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We all know math is important. But, exactly how important is it compared to other school subjects such as reading and writing? You might be surprised to learn it's actually the most important early indicator as to how well a younger student will do in later grades. According to a y the Education Commission of the States, 'While the emphasis on reading proficiency is critical, research shows that the development of mathematics skills early on may be an even greater predictor of later school success.'



Which is More Important for Preschoolers, Math or Reading?

by Monica Whitaker


We all know math is important. But, exactly how important is it compared to other school subjects such as reading and writing? You might be surprised to learn it's actually the most important early indicator as to how well a younger student will do in later grades. According to a report by the Education Commission of the States, "While the emphasis on reading proficiency is critical, research shows that the development of mathematics skills early on may be an even greater predictor of later school success. Early knowledge of math not only predicts later success in math, but also predicts later reading achievement even better than early reading skills."


The earliest years for a child - from birth to third grade - are a hugely critical period of development, setting the foundation for future learning. Preschool mathematics knowledge strongly predicts achievement in third through fifth grade, and even reaches into high school. The incredible part is that studies show that promoting math in those early school years will improve vocabulary and grammatical complexity even better than early reading.


During those early preschool years, children are using math in ways that would surprise most adults. They have a higher capacity for numbers and are using higher-level mathematical thinking during their free play than we often realize. For example, one report shows that as preschoolers build towers out of blocks, they're using forms of math sense such as:

  • Classification: Sorting by size and shape
  • Magnitude: Using comparative words like "higher" and "more than"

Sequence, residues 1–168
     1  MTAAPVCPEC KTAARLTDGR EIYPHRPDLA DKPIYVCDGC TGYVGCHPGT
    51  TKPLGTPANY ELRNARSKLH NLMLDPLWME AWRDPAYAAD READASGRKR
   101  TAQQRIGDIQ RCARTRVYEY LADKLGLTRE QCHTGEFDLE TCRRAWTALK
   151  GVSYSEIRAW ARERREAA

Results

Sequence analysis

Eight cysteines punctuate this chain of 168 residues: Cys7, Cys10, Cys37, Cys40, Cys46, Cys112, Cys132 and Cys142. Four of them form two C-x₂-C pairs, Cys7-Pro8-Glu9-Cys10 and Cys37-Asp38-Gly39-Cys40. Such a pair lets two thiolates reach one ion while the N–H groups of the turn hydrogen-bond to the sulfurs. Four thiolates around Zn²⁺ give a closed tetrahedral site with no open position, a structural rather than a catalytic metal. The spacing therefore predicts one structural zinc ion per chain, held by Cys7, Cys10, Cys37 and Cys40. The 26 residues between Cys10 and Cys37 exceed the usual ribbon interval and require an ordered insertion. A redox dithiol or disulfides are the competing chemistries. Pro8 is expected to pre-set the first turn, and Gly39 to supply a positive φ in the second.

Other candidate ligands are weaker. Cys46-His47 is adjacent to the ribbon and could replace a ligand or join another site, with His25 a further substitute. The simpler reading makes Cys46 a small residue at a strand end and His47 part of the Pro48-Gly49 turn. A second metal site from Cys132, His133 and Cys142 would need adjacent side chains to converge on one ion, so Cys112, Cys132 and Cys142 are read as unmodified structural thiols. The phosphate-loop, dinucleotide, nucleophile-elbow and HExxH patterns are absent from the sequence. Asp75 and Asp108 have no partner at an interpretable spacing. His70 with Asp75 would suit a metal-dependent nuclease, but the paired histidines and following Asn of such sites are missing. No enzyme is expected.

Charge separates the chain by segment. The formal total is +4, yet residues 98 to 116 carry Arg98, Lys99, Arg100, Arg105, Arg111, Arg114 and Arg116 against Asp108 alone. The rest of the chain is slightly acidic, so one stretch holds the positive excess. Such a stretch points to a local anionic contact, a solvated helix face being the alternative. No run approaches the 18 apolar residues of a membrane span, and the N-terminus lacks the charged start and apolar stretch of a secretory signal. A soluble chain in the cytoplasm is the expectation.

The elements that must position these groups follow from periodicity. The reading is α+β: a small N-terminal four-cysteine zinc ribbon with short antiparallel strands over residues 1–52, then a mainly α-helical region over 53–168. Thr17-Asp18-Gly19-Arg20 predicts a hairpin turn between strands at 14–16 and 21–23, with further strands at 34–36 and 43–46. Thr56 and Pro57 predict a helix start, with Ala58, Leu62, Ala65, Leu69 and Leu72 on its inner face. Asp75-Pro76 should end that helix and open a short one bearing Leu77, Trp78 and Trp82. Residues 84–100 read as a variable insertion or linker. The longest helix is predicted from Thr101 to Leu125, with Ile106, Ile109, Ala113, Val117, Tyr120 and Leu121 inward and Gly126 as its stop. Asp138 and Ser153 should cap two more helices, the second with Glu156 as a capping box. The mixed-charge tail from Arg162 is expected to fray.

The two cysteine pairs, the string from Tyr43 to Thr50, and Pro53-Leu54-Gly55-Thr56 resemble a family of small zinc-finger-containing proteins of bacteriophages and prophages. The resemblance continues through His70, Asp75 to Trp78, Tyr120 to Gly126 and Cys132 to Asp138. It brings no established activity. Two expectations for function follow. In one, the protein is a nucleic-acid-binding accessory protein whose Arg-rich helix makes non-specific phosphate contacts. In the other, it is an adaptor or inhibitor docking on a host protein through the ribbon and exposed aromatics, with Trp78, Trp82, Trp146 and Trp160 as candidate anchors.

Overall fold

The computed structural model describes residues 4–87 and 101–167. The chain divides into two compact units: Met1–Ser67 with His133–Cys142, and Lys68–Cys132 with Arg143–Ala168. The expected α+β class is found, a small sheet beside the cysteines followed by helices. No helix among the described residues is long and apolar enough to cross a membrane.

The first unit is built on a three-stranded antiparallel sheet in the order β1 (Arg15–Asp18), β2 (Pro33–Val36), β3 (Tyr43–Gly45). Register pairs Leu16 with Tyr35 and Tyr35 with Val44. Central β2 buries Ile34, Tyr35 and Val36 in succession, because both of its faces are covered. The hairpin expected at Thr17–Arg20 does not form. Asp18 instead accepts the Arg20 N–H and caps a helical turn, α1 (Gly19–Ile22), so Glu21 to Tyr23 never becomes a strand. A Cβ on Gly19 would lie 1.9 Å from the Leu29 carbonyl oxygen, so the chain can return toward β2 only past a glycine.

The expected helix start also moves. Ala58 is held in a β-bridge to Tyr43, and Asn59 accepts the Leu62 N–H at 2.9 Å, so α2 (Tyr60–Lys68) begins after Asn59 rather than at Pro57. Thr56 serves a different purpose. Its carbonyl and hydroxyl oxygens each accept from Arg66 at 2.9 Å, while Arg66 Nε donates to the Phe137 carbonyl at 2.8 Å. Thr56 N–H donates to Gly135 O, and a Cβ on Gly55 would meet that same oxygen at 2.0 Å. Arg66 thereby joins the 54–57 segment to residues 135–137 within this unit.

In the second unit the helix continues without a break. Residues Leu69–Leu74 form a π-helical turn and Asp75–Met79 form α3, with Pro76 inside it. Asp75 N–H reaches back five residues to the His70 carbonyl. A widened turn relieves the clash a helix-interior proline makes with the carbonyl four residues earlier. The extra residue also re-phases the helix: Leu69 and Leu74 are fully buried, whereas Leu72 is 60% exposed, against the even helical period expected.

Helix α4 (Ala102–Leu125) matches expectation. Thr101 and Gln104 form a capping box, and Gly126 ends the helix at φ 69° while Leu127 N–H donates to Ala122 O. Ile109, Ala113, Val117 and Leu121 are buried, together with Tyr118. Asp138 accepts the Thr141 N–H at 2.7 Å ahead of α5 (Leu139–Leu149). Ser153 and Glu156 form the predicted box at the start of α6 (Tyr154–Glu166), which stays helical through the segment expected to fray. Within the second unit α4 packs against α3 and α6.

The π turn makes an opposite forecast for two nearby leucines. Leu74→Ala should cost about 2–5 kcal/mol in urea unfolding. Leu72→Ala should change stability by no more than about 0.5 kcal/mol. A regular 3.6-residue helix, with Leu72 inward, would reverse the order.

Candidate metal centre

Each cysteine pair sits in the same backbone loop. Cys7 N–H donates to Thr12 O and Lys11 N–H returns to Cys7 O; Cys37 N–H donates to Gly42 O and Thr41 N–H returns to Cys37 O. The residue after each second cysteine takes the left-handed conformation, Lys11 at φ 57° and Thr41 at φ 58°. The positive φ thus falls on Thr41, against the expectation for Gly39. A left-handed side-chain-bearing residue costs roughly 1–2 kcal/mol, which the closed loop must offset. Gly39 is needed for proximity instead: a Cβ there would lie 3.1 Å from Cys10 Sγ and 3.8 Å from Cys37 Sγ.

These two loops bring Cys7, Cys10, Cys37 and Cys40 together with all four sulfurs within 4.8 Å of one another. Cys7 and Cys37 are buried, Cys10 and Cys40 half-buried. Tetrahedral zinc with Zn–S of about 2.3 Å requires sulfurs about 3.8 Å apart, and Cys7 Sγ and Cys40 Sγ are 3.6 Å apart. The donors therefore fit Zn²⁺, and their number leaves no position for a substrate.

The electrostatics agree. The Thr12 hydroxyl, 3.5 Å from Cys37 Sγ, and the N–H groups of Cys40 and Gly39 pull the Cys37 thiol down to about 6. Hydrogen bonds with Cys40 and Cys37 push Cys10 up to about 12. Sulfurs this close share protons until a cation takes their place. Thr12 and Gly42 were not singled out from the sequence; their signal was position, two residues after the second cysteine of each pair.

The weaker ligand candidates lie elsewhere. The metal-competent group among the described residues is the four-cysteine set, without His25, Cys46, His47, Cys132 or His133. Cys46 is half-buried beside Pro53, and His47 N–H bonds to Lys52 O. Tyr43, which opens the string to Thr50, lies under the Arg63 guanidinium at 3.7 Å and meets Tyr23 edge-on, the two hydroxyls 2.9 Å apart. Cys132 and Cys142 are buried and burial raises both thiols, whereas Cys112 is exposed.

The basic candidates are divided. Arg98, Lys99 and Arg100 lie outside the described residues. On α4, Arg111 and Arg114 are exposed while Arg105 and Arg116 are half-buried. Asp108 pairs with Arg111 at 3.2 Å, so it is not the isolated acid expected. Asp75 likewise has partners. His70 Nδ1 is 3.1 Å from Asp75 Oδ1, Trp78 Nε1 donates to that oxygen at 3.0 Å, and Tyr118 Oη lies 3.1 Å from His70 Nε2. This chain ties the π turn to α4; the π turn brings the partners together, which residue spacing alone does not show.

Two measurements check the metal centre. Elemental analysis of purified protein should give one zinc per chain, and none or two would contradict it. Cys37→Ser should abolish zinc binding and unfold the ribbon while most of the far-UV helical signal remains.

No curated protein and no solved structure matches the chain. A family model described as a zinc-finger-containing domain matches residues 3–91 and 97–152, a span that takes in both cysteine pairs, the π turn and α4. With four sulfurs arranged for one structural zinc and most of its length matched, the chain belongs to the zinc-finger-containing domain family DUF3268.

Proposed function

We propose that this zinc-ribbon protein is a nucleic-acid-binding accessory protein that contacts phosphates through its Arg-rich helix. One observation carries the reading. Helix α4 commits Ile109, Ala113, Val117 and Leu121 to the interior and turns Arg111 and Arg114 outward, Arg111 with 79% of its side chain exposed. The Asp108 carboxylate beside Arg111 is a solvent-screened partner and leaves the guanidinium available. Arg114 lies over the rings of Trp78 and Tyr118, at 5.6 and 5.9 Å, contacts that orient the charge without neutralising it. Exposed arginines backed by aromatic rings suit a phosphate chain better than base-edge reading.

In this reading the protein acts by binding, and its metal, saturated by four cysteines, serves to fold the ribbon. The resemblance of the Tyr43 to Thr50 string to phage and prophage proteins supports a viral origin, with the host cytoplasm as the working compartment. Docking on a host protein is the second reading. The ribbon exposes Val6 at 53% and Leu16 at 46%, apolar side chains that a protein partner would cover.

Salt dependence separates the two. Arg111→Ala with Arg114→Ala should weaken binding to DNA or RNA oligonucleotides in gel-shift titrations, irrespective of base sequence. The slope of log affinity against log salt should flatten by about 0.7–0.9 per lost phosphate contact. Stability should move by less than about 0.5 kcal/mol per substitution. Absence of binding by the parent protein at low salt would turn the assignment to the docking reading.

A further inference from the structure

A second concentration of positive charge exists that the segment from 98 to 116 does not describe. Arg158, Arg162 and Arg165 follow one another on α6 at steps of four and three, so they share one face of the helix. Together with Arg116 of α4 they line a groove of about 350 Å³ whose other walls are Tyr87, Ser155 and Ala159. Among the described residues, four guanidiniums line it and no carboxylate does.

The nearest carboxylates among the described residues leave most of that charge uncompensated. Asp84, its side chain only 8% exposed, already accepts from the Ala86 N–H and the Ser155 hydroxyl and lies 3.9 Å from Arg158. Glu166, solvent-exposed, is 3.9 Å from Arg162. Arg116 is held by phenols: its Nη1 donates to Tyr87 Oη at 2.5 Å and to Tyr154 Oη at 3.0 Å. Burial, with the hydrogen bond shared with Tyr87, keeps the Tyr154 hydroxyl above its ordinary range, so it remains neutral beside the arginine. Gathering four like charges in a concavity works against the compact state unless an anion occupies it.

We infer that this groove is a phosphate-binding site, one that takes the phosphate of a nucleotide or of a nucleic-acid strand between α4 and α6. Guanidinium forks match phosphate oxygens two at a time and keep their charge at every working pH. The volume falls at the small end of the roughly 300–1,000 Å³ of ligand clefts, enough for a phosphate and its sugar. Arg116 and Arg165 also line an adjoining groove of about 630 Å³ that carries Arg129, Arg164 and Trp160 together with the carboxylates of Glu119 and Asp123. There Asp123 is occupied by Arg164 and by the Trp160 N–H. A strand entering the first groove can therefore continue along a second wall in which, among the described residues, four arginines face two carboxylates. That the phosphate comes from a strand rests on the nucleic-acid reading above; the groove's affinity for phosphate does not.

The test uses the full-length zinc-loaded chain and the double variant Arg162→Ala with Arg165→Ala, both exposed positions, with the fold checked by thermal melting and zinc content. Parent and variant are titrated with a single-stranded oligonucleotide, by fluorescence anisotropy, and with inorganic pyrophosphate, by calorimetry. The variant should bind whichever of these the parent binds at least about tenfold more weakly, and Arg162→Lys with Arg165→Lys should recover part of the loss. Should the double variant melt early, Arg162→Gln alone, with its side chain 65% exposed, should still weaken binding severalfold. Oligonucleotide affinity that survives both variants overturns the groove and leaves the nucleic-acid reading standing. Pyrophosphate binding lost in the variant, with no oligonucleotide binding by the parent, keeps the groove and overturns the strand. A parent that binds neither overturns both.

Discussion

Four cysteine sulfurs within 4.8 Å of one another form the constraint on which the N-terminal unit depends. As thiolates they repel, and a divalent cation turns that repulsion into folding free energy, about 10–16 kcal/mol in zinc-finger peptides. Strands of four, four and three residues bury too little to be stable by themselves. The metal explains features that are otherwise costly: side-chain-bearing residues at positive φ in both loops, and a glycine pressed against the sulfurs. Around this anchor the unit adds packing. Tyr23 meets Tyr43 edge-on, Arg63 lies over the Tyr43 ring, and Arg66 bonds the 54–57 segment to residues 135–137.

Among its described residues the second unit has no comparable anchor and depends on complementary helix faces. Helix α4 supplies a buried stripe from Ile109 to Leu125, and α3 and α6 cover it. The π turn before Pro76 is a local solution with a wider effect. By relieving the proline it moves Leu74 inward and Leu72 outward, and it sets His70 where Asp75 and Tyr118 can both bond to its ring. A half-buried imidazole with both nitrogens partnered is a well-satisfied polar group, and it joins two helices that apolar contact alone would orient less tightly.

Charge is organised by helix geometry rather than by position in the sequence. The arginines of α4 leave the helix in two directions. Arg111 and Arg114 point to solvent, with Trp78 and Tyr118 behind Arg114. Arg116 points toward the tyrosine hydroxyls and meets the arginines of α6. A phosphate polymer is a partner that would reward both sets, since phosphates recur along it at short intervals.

• Enumeration: Counting and using numbers
  • Patterns and shapes: Forming blocks into intentional shapes or color patterns
  • Spatial reason: Referring to concepts like "over" and "through"

Children have more interest and a broader foundation for learning a higher level of math at a younger age than we usually give them credit for. As parents and educators, are we doing enough to stimulate our kids in the area of math? Are we meeting their potential? Are we focusing on the right things, when it comes to helping our children grow? Lowell Kumon Math and Reading Center Owner Srividya Venkatasubramanya says people often ask her "why is the U.S. behind in mathematics?" "It's because we're not focusing on it," she explains. "Parents have enrichment activities for their kids in dance, swim, baseball... but not for academics. Kids are very busy with sports; they're working hard, they should apply it to enriching math."


All children need math intervention, not just the kids who are struggling below grade level or the ones who show special interest. Considering the studies that have surfaced in the last few years, we know that even as preschoolers, kids have the capacity to process mathematical thinking and that focusing on math will greatly impact their education later on. There's no debating that a strong foundation in reading has to start early and is essential to a student's future success, however, it's time to bring math up to that level of importance, if not more, and give it the attention it deserves.



Monica Whitaker.  Writer for Firefly Marketing, LLC including SupplierLife.com and FamilyLifeNWA.com

Monica Whitaker, writer with FamilyLifeNWA